According to a new study, women between the ages of 30 and 50 have played an essential role in legalization of recreational marijuana in Colorado and Washington. Who would have thought? It’s not like that finding is unbelievable, it’s just that one stereotypically thinks that young men between the ages of 21 and whatever would be the leading characters in this story. The whole study is filled with interesting facts, but this one that includes campaigners focusing on women and their reasons why – is most interesting.
Learning form past mistakes
Campaigners in Washington and Colorado have spent some time researching and learning from the Californian experience, among others. They discovered some interesting facts on why some measures have failed, however, the most important finding turned out to be the fact that stating how the money from marijuana taxation would be spent was an important issue for voters.
According to Rick Ridder, president of RBI Strategies and Research, a company involved in campaign strategies for Washington area, there were two key reasons to focus on this group in particular. First, their researches suggested that in California and elsewhere (it’s not clear from the paper) this particular group of women turned out to be initially supportive of cannabis legalization, but could also easily be persuaded to take the “No” standpoint. Second, this demographic was the one that had a positive response to the messages that spoke about money from taxation of marijuana that would go to schools. So, the team came to a strategic conclusion and realized the campaigners needed these women on their side if they wanted to win.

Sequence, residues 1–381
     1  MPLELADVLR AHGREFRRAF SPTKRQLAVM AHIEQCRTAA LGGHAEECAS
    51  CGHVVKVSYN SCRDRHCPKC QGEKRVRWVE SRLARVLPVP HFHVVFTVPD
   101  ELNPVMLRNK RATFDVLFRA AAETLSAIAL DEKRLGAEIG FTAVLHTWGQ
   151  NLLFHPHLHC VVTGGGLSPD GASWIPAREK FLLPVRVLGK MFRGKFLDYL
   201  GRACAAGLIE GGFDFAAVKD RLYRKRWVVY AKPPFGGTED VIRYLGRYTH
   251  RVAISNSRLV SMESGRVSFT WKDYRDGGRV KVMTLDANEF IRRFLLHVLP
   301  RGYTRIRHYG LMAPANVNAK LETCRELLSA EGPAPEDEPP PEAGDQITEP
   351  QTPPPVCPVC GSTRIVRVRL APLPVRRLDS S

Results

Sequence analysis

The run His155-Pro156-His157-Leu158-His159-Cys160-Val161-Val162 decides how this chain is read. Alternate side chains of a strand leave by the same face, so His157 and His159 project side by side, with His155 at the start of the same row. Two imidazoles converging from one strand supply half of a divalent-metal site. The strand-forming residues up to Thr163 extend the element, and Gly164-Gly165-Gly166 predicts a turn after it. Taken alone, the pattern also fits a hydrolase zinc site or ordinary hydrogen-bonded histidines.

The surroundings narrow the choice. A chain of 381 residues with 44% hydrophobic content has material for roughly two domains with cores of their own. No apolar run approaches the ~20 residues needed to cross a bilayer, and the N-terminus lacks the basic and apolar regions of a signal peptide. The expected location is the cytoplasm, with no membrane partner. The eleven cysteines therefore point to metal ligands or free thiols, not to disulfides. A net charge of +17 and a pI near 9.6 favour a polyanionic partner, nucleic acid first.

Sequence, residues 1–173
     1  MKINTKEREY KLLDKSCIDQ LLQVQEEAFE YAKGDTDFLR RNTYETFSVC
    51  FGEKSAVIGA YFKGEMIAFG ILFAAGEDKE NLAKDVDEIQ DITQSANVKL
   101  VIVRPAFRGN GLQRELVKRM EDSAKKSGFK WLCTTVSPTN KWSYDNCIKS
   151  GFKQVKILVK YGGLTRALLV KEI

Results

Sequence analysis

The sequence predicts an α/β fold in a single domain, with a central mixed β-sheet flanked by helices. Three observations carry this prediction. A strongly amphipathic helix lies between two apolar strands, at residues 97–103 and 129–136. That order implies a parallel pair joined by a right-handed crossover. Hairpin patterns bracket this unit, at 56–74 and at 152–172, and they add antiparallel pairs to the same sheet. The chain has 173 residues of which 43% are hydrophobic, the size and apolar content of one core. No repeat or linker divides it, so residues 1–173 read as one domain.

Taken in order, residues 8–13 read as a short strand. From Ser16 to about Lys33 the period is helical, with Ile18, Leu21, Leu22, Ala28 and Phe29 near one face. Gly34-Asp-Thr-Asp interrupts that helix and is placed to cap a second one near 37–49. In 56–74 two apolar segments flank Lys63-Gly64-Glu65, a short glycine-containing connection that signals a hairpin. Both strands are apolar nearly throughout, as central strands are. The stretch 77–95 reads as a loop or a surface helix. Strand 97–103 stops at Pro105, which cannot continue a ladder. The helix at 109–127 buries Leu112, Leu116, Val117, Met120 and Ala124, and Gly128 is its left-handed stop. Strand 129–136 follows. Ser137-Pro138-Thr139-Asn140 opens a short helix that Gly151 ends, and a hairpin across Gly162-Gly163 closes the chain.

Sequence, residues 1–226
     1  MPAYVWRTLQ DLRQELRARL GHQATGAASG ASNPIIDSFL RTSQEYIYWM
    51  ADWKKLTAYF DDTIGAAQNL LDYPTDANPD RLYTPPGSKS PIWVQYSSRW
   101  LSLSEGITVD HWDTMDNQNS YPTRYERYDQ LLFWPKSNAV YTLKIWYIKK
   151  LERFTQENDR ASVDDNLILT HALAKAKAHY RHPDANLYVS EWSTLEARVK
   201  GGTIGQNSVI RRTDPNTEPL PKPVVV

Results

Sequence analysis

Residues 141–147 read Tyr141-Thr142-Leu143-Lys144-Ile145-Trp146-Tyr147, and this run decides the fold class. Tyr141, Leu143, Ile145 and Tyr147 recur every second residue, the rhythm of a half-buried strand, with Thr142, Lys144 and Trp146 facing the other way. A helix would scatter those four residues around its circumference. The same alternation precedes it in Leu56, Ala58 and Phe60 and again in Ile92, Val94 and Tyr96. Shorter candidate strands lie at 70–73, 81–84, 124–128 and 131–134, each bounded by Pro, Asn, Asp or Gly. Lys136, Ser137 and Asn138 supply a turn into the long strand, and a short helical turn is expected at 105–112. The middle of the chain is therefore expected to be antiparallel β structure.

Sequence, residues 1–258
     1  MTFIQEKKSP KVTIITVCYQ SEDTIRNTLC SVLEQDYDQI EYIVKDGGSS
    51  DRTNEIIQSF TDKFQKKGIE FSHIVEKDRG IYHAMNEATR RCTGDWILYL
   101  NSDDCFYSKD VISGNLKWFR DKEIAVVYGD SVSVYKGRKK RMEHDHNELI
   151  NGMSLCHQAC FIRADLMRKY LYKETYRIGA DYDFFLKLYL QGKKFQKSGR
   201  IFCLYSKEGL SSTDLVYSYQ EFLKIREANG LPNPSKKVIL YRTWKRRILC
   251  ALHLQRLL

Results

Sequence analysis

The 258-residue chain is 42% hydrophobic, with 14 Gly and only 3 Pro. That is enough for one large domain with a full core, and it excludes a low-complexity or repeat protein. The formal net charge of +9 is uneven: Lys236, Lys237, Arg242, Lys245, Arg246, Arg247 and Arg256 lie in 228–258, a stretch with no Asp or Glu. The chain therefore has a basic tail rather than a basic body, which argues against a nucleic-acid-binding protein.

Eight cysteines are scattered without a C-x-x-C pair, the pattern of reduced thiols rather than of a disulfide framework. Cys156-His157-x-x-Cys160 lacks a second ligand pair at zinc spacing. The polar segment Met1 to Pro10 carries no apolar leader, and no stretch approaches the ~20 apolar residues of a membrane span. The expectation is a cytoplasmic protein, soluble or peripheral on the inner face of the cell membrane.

Never assume anything
It was interesting to read that the findings of the campaigners in Washington and Colorado had shown that campaigners in California did the same mistake as we did in the beginning of this article – they assumed that younger demographics’ support would come naturally and because of that they took it for granted, which is why they failed to target specific messages for this important group. “Research shows that women were the key demographic in these historic marijuana campaigns,” says Dave Bewley-Taylor, the research hub’s director and co-author of the paper. “Activists directed much of their attention on 30- to 50-year-old women and, at the end of the day, it was women who made history.”
Moms will end marijuana prohibition
Still, we do find it fascinating that these messages resonated with women from 30 to 50 years of age. Think of it this way – most of these women are mothers and if you’d ask them how they feel about their children consuming marijuana, they would probably turn green in disgust. However, when confronted with the idea of schools getting some of that big money that would come from the taxation of marijuana, somehow they found the whole marijuana movement appealing. It turns out that strategic thinking, as well as lots of research and well-crafted messages can hit the nail on the head no matter what the truth might be. Surely, promises such as better control of youth access through regulated markets assured these moms that they are doing the right thing, but most likely the reality will be different. Still, the fact remains; moms might be the key factors to ending marijuana prohibition.